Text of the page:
Speaker 1 (00:00):
Hi everyone. I’m Tim Melvin. And we’re back once again, to talk about a better way to wealth. Now, one of the biggest headlines recently has been the topic of inflation. We have had some of the highest inflation readings and more than 30 years as the economy reopens from the pandemic. And of course the massive supply chain disruption that we’ve seen, not Jerome Powell at the chairman of the fed. He’s telling us it’s not really that big a deal. It’s all supply chain related. It’s going to eventually dissipate and go away. He’s calling it transitory or temporary inflation. And the problem is I’m willing to accept that. I mean, the fed chief sees everything that happens in the economy, but you know, who sees more Jamie diamond over at JP Morgan, every dollar in the economy eventually finds its way through the JP Morgan apparatus at some point, and is seen by one or more divisions of that bank.
Speaker 1 (00:59):
So Jamie’s got a pretty good idea of what’s going on in the world. And he’s talking to way more people out in corporate America than I think the folks at them, Jamie is building cash and short-term securities because he believes that we’re going to have inflation that drives up rates. He’s sitting on billions of dollars waiting to reinvest it at higher interests, straight caused by inflation. So you’ve got to the people that have kind of a good view of the economy. They disagree right now, the smartest market. And that’s the treasury bond market that eventually reflects everything that is happening and is expected to happen in the economy is saying, Hey folks, Mr. Pal is right so far because treasury rates are dropping every day. And we saw that reflected by the way, in the sell off that we saw not too long ago with the market ground, almost a thousand points in a single day.
Speaker 1 (01:55):
So there is a perception that inflation may be temporary. We’re going to find out for sure in the fourth quarter of this year, when we see whether or not we have any lasting way age inflation right now, we have employers paying bonuses for people to work in drive-through windows around the country and rent to gain restaurant staff. And as we’ve gotten out and about, you know, everybody’s short-staffed right now. So they are paying bonuses and higher starting wages. The extended unemployment benefits are going to expire across the United States. At the end of September, we will see if that wage inflation becomes long-lasting. There are some folks that think it’s going to the massive asset management from BlackRock. They just gave everybody from the lowest janitor on the night shift, all the way up through the executive board, a permanent 15% pay increase. So we are seeing some signs, Hey, wage inflation may be with us.
Speaker 1 (02:52):
If it is wage, inflation is not transitory. That will be with us. We’ll have more dollars chasing goods. And we will have inflation that stays with us for a lot longer than Jerome. Powell is hoping that it will. Okay, why do we care? Do we really care that much that a pack of hotdogs goes up by a buck or the gas goes up? I mean, it’s things, but it’s not going to kill us, right? Well, not really. It could really cause a lot of harm, especially if you’re invested in the stock market, even through your 401k or your IRA, if there’s inflation, you’re going to get hurt. And here’s why if we have higher interest rates, interest rates are a key part of every valuation model that is used to tell us how much or corporation is, or is not worth everybody on wall street.
Speaker 1 (03:43):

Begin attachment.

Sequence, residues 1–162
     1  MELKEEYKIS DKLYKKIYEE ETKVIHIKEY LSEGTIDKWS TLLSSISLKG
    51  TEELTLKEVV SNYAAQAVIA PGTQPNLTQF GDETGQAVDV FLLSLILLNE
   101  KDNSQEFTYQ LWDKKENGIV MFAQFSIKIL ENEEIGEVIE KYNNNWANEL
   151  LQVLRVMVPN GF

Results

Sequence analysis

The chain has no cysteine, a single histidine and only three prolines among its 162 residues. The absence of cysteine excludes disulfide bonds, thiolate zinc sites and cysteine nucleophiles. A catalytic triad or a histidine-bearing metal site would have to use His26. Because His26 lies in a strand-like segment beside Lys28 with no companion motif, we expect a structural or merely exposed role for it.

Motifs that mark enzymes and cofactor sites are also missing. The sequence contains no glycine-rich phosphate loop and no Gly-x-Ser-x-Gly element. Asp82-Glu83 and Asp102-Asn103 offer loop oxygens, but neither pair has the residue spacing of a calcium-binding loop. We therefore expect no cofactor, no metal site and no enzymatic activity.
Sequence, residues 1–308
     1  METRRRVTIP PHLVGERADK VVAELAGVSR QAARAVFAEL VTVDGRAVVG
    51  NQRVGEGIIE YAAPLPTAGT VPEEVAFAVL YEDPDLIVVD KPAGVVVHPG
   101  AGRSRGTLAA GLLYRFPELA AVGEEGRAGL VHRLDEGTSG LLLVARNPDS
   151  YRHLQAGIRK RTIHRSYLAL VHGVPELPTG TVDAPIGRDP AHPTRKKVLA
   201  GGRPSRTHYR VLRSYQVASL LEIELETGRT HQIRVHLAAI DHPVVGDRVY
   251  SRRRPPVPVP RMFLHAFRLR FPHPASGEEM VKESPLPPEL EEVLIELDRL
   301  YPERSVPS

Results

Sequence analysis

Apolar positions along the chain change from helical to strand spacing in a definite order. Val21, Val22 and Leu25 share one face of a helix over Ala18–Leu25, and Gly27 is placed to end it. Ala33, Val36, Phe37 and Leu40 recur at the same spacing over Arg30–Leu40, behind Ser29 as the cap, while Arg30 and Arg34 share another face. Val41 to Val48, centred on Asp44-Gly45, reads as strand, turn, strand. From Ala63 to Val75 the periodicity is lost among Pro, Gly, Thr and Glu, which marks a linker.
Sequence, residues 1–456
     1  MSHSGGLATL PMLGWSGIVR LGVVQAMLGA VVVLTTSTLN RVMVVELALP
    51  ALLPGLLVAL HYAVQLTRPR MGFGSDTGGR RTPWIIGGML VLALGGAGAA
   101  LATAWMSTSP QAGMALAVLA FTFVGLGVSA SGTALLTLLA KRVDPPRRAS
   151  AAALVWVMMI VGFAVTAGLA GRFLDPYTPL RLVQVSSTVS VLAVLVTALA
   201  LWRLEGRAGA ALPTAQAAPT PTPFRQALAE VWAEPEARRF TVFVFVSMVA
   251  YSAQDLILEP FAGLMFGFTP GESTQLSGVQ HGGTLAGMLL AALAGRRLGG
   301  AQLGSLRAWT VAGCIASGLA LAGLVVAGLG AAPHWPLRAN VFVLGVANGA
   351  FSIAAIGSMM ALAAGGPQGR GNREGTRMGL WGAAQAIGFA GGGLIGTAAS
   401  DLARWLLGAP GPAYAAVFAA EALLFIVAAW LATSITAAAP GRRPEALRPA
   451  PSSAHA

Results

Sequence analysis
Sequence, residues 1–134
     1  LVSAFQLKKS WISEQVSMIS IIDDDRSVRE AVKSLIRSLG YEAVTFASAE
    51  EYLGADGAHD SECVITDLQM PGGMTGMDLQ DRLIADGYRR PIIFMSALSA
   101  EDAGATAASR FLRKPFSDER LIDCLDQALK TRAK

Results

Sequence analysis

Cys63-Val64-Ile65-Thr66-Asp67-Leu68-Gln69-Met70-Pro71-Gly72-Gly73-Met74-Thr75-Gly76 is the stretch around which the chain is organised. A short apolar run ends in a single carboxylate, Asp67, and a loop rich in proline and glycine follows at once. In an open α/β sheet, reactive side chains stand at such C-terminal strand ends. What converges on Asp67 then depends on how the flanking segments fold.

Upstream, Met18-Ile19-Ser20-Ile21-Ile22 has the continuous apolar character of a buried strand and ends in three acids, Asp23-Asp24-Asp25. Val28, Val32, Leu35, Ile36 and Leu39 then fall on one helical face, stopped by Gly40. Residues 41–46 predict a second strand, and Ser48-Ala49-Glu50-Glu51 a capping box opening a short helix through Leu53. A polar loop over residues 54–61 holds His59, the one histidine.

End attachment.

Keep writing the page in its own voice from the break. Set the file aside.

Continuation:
They learn it in their first year of business school. And unfortunately they never unlearn it, but they use something called discounted cashflow to figure out what a business is worth. Now, if I’m just going to, I’ll give you an example. So you understand how this works. If you have a company that’s earning a dollar and is expected to grow at 5% and you discount that at 3%, which is about the same 30 year bond rate oxygen, that’s higher than the 30 year bond rate. Right now that business is worth $23 and 92 cents a share. If you’ve got a cop same company, same earnings, same growth rate. If we just bumped the discount rate up to 5%, it goes tonight, $18 and 49 cents. Nice little decline at 8%. It’s only $14 and 76 cents. And at 10%, the business is only worth $12 and 48 cents or about one half of what it’s worth using the current interest rate in a cashflow discount model.
Speaker 1 (04:42):
So every stock that you own is going to be worth less. If we get inflation that spirals out of control, the 1970s were ugly, calm in the stock market because interest rates and we’re rising very rapidly and the fed had a hard time getting the dragon back in the box. We’re hoping that doesn’t happen. And it isn’t the transitory we’ll know more when we get to the fourth quarter of the year, is it going to be permanent? I really don’t know. I think that we do have to wait and see what happens with wages. If wages start going up and stay up yet. No, it’s okay. Not going to be temporary. We’re going to have to make some adjustments. So what do you do? How do you protect yourself from this inflation? There’s two sectors that you really should probably be looking at adding to your portfolio.
Speaker 1 (05:31):
So are we going to have permanent inflation? Who’s right. Jerome, pal or Jamie diamond? No one knows yet. We’re not going to know until later in the year in the fourth quarter. So tomorrow we’re going to come back and talk about what we do with your portfolio to protect yourself against inflation and get the right assets so that the portfolio will still do well. Even if the chair of the fed, the reserve turns out to be correct and inflation goes away. So we’ll be back tomorrow. And we’ll talk about that. I’m to Melvin, thanks for watching.
Subscribe today and receive daily advice right in your inbox, guiding you to a better way to wealth.